Comparison of quality of life among long-term melanoma survivors and non-melanoma controls: a cross-sectional study

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10 Scopus citations


Purpose: Little is known about specific concerns facing long-term melanoma survivors. The goal of this study was to compare quality of life (QOL) and mental health between long-term melanoma survivors and population controls. Methods: Participants from a previously conducted case-control study of risk factors for melanoma were recruited for a cross-sectional survey. Generic QOL and emotional health were measured using the SF-36 and Hospital Anxiety and Depression Scale questionnaires. A total of 724 melanoma survivors and 660 controls participated. Most melanoma survivors had stage I disease (85.6%); mean time from diagnosis was 9.6 ± 1.0 years. Comparisons of QOL measures between melanoma survivors and controls were conducted using regression models, adjusting for potential confounders. Results: Melanoma survivors, compared to controls, reported statistically significant but only slightly higher physical functioning and bodily pain QOL subscale scores than controls and otherwise similar QOL as measured by the remaining six SF-36 subscale scores. Prevalence of anxiety (18.1% vs. 19.3%, adjusted OR = 1.00 (0.74, 1.36); p = 1.00) and depression (7.2% vs. 9.8%, adjusted OR = 0.74 (0.48, 1.16); p = 1.00) were similar between melanoma survivors and controls. Conclusion: Long-term early stage melanoma survivors report similar general QOL and mental health compared to population controls. Further research is needed to identify concerns more specific to melanoma.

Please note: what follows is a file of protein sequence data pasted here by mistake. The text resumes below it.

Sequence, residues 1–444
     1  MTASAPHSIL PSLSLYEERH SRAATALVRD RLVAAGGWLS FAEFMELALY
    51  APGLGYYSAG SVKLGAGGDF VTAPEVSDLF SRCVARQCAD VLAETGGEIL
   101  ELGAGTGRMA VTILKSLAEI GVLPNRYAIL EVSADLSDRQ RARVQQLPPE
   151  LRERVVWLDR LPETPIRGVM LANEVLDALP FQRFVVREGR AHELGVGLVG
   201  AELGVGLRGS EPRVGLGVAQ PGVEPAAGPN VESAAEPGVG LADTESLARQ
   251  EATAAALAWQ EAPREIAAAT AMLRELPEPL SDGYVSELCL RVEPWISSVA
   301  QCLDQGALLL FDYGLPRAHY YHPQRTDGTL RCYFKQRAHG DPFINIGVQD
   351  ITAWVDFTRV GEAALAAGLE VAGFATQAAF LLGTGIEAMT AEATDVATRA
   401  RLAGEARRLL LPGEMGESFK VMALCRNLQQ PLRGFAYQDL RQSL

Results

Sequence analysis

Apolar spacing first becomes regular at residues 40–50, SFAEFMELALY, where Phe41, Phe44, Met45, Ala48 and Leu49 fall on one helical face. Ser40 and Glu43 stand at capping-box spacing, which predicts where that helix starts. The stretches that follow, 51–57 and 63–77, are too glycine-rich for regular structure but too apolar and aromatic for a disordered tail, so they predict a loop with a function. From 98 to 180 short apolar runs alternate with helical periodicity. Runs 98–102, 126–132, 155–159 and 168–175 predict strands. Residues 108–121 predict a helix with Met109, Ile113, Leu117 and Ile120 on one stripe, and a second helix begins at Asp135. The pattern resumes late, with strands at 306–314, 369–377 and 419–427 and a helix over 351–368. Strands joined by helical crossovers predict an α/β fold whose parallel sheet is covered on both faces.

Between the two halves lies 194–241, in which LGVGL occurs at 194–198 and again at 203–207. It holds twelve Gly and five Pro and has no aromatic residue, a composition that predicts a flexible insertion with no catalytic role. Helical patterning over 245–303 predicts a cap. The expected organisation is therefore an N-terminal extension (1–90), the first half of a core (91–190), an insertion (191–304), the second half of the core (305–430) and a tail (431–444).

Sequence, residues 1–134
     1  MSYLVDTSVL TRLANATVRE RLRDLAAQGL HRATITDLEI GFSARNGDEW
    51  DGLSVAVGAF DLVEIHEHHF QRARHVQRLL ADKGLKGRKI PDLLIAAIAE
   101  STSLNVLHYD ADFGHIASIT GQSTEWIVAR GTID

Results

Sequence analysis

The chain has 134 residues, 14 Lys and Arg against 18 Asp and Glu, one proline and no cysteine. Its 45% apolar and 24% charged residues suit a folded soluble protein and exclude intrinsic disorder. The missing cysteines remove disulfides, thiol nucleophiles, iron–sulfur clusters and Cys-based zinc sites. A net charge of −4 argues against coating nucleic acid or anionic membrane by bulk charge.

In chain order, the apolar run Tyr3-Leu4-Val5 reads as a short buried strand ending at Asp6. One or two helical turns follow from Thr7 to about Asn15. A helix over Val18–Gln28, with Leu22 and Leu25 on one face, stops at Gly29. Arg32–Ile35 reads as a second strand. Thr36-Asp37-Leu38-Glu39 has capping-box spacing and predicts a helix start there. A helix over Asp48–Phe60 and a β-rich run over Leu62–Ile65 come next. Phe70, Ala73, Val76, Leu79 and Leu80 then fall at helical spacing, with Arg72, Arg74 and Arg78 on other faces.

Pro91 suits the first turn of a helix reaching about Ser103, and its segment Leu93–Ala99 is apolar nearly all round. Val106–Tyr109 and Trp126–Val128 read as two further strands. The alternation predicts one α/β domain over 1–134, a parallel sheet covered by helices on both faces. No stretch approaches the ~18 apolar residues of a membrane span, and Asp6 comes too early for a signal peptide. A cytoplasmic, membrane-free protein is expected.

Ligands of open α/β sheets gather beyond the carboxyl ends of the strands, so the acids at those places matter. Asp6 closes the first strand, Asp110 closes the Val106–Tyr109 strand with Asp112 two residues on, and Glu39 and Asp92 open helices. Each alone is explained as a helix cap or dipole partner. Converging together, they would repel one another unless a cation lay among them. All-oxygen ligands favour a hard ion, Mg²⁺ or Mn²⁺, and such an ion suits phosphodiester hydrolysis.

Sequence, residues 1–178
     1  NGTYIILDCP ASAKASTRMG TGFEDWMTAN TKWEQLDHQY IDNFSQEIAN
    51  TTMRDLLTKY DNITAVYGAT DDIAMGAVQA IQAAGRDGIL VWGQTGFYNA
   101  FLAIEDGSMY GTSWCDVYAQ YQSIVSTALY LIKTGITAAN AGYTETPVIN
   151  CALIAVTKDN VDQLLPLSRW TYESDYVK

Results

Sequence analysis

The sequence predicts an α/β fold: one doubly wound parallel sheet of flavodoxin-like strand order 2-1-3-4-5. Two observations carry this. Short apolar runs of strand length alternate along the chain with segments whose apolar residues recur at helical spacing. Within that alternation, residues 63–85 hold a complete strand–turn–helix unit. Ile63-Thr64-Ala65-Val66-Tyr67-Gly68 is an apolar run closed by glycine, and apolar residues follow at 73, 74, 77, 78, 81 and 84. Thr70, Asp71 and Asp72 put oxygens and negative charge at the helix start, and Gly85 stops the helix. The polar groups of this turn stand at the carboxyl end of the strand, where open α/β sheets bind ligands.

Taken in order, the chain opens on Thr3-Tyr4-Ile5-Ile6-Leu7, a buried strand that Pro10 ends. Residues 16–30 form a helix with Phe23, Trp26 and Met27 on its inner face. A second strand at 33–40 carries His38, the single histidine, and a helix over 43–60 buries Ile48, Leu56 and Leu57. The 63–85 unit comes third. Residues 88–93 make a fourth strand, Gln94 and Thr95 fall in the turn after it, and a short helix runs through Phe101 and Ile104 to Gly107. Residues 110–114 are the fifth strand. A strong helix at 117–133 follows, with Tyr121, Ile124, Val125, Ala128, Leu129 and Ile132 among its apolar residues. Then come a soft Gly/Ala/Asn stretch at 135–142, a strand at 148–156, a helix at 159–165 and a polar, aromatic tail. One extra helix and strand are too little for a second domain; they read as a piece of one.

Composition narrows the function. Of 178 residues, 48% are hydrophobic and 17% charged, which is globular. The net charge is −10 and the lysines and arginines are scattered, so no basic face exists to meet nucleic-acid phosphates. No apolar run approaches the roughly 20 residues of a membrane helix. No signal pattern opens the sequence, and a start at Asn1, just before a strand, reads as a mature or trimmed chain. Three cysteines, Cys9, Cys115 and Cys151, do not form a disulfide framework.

Original languageEnglish (US)
Pages (from-to)1761-1766
Number of pages6
JournalQuality of Life Research
Issue number7
StatePublished - Jul 1 2017

Bibliographical note

Funding Information:
This study was funded by the Masonic Cancer Center of the University of Minnesota and National Institutes of Health National Cancer Institute Grant P30CA077598 and National Center for Advancing Translational Sciences award UL1TR000114. The Masonic Cancer Center Women’s Health Scholar award is sponsored by the University of Minnesota Masonic Cancer Center, a comprehensive cancer center designated by the National Cancer Institute, and administrated by the University of Minnesota Deborah E. Powell Center for Women’s Health.

Publisher Copyright:
© 2017, Springer International Publishing Switzerland.


  • Cancer survivorship
  • Melanoma
  • Quality of life
  • SF-36


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